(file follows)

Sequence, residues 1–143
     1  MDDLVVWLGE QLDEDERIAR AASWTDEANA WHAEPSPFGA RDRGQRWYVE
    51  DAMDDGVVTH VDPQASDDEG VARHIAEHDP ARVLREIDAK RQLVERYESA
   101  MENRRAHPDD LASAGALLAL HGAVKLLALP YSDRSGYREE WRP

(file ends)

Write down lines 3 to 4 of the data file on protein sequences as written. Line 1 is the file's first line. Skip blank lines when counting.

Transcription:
    51  DAMDDGVVTH VDPQASDDEG VARHIAEHDP ARVLREIDAK RQLVERYESA
   101  MENRRAHPDD LASAGALLAL HGAVKLLALP YSDRSGYREE WRP